The Maldives, December 2016
Monsoon and Coral Bleaching – climate change is taking its toll...
After our strenuous adventure in the Laccadive Islands, I flew directly from India to the Maldives with “Spicejet” airlines, a flight of just under two hours. I met up with my wife Martina who had arrived there a couple of days earlier.
This time we visited the Gaafu Alifu Atoll, close to the equator. The Gaafu Alifu Atoll is also known as the Huvadhoo Atoll and is located in the southern part of the Maldives. Being 70 kilometres long and 55 kilometres wide, this atoll is the largest of the Maldives and this even makes it the biggest known atoll in the world.
For a change, the main purpose of our week there was dedicated to recuperation and relaxation, although the many channels around the resort positively shouted fish. I quickly organized a boat and set off for some popper fishing and jigging. Unfortunately the weather really threw a spanner in the works - worldwide climate change led to the monsoon rain and storms still being around in December. Higher water temperatures have also left their mark. The house reef with its multitude of corals and fish has been badly affected by coral bleaching.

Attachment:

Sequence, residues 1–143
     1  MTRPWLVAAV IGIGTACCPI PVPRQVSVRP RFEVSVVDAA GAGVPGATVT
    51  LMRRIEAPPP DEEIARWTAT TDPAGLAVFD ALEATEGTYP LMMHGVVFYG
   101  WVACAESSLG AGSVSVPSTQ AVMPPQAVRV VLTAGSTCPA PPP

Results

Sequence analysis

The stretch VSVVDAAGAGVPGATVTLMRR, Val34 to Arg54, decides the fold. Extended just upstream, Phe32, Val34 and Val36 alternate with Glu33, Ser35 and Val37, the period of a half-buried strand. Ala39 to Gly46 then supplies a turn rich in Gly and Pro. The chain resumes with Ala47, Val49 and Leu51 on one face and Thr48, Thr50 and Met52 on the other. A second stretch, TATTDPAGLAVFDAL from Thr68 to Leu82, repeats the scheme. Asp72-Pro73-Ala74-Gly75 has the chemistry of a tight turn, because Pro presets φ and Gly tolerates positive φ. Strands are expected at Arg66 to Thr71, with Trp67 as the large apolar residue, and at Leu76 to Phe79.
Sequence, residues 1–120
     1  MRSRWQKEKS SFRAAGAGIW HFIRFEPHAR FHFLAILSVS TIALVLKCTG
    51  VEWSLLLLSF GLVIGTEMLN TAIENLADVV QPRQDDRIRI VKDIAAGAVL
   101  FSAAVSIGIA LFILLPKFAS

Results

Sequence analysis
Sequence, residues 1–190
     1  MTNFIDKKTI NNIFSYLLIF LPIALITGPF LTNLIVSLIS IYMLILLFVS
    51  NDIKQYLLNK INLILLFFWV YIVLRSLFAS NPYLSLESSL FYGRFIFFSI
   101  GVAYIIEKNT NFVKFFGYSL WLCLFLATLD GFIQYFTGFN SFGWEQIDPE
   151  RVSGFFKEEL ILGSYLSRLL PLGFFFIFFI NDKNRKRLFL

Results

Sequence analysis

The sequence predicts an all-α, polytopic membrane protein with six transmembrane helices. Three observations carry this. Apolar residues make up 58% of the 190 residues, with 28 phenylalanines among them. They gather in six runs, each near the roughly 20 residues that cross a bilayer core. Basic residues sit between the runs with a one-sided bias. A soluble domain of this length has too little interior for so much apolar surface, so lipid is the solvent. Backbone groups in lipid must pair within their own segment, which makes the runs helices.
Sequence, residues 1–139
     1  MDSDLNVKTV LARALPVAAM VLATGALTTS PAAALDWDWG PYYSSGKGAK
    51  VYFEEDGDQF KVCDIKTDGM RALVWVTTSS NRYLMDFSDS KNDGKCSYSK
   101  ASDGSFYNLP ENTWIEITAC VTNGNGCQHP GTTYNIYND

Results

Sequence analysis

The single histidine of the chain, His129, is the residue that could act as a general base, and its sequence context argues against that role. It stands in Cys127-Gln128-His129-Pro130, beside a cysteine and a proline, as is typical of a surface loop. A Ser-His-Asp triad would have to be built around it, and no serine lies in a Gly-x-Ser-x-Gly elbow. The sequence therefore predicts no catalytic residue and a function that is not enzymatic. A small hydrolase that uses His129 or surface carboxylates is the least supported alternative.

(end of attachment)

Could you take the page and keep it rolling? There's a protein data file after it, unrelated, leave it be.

Unfortunately, we were only able to cast our poppers and stick baits into the almost untouched reefs and channels for three days due to the poor weather – the rest of the week was marred by the monsoon. The results were average for the Maldives. We caught a wide range of reef inhabitants – however, there were no GTs around. According to the divers GTs are extremely rare in this area…
While the storm ripped through the atoll with wind speeds of up to 25 knots, I set off with my fly rod and explored uninhabited islands and sand banks in the hope of catching a bonefish or a GT. By the end of the week I had covered miles and miles without seeing a single bonefish or GT. The number of triggerfish was also much lower than in other Maldivian atolls. I did, however, manage to hook a big one bit unfortunately lost it when my line snapped on the corals. There were plenty of bluefin trevally, queen-fish and miscellaneous smaller reef species around which were quite easy to catch using the smallest of streamers.
The boat did not have any rod holders which made it impossible to troll. We only trolled small lures when moving from one channel to the next and regularly caught yellowfins, wahoos, dorados and rainbow runners. Sailfish were notably absent – we had only two attacks.
We have never experienced climate change to such a degree before. The effects were alarmingly visible both above the water line due to the weather and under the surface. At first sight the area looks overwhelming with its clear, turquoise waters and fast running currents in the channels. With every cast you expect to see the GTs fighting each other to get at the poppers – far from it which was something I really couldn’t understand. Even jigging was not particularly productive. It looked as if there were simply no big fish on the west coast of the atoll. The local fishermen said the eastern side was a lot better…
Stephan Kreupl, December 2016